Bobb Rousseau, Diaspora Matters Columnist
Since social media offers anyone with a smartphone connected to a $2 internet plan the capabilities to launch their platform, a microphone into the hands of these hosts of convenience is more dangerous than a weapon in the hands of a child, a disgruntled, or a mentally perturbed person.
Social media decentralizes the ways individuals get their news. It provides an outlet for anyone to push their agenda on an impressionable audience. Although such democratization produces some good for many individuals who would have not otherwise had the opportunity to be on the radio, it also opens a canal for false propaganda, misinformation, defamation, and shade-throwing.
Facebook and YouTube Live have become so prevalent in the broadcasting field that they, hands down, make traditional media platforms look like kindergarteners. In the process, they compel iTunes, Zeno, Streema, and other streaming media platforms to phase out in a hurry and for radio stations to invest thousands of dollars and unlimited resources to build an online presence.
With the ease of reaching broader audiences comes the challenging responsibilities to deliver content that maintains journalism’s integrity or that does not communicate offensive, hurtful, snide, or even slanderous statements that harm one’s reputation.
Few online radio hosts bump against the thin line between reporting factual statements and untrue statements, while others deliberately act with actual malice to demonstrate a total reckless disregard for others’ reputations. The latter’s goal is not to inform or educate but to create sensation and, ultimately, to feed public opinion with news that seemingly only they can find. They claim they are well connected to have the primacy of the country’s political temperament.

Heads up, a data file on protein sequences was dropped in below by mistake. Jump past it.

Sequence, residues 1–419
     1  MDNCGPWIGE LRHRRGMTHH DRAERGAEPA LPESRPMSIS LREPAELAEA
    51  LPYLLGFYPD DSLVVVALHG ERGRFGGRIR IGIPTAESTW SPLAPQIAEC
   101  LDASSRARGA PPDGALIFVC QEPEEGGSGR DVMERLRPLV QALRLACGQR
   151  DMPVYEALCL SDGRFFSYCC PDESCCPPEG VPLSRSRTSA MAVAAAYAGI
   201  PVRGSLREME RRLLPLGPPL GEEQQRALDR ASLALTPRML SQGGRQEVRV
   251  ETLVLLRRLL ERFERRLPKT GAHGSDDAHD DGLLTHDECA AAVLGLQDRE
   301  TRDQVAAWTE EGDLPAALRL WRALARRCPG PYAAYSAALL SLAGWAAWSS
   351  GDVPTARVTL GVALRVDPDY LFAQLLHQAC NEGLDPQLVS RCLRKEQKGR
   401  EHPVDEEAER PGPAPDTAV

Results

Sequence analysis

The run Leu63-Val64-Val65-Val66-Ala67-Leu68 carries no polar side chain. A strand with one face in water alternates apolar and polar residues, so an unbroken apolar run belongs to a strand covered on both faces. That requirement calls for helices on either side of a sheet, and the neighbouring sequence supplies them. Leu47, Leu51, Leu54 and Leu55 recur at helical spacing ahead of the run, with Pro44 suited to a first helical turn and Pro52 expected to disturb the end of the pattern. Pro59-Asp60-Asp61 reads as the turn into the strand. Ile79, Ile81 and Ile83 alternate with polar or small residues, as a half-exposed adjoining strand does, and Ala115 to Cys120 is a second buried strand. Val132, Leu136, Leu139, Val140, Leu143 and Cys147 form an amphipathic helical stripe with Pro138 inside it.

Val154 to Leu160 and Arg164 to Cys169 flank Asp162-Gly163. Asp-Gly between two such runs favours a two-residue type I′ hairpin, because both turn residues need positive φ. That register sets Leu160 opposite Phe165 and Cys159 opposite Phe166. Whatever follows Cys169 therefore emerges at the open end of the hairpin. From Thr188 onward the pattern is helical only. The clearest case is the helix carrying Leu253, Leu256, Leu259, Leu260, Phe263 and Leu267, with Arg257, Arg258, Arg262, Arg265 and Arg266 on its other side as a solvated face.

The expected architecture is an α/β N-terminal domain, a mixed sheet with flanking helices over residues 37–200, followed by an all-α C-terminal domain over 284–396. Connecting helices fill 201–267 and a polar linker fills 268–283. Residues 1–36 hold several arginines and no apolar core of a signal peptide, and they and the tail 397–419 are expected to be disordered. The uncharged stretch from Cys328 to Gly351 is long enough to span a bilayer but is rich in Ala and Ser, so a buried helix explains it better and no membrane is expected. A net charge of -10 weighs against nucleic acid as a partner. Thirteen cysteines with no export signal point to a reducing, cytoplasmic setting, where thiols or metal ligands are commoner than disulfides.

The danger is that they succeed, and in no time, they build a growing network of friends and followers that proudly like, subscribe, retweet, and share their content across other platforms.
Granted, few of them respect the press etiquette and, in many instances, are even better than many big-name veteran radio hosts. Still, the majority are doing a disservice to the profession by fabricating content deprived of good sense and reason, making them fall into the defamation category.
The first good news about defamation, which generally occurs when someone, either in writing or online, publishes an injurious statement to someone else’s reputation, is that countries have enacted laws to protect the victims. The United States voted the Communications Decency Act of 1995, whereas Haiti voted the Defamation Law of 2017, which reinforces article 28.2 of the constitution and items 313 to 323 of the penal code. The second good news that the host’s country is competent to receive and hear the plaintiff’s grievances.
However, rare individuals chose to take action against those hosts who broadcast false information about them. So it is because that it is almost impossible for someone to prove, beyond a reasonable doubt, that the untrue statements somebody made about him or her are malicious and that they impacted his or her good standing in the community. As such, online talk show hosts, traditional radio hosts for that matter, continue to slander and libel with no fear of being held accountable for their insults.
Contrary to traditional radio hosts whose content may engage the actual radio stations, online broadcasts are neither censored nor do they engage the hosts’ Internet Service Providers.
Thus, we, listeners, hold the ability to sift the feeds we receive from whoever and to ensure they pass Socrates’s three filters test to fact check their truthiness, their goodness, and their utility. Otherwise, we leave the field wide-open to cultivate statements that cause more harm than good and transform the microphone into a time-sensitive bomb.
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